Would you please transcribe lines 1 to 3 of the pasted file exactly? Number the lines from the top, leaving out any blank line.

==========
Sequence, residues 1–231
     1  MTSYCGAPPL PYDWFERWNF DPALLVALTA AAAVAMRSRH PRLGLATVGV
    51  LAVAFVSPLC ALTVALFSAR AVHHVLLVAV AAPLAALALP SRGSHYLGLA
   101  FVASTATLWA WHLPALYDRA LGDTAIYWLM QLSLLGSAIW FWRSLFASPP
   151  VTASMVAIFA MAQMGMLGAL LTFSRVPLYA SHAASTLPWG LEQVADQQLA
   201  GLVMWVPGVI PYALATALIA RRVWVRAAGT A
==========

Sequence, residues 1–231
     1  MTSYCGAPPL PYDWFERWNF DPALLVALTA AAAVAMRSRH PRLGLATVGV
    51  LAVAFVSPLC ALTVALFSAR AVHHVLLVAV AAPLAALALP SRGSHYLGLA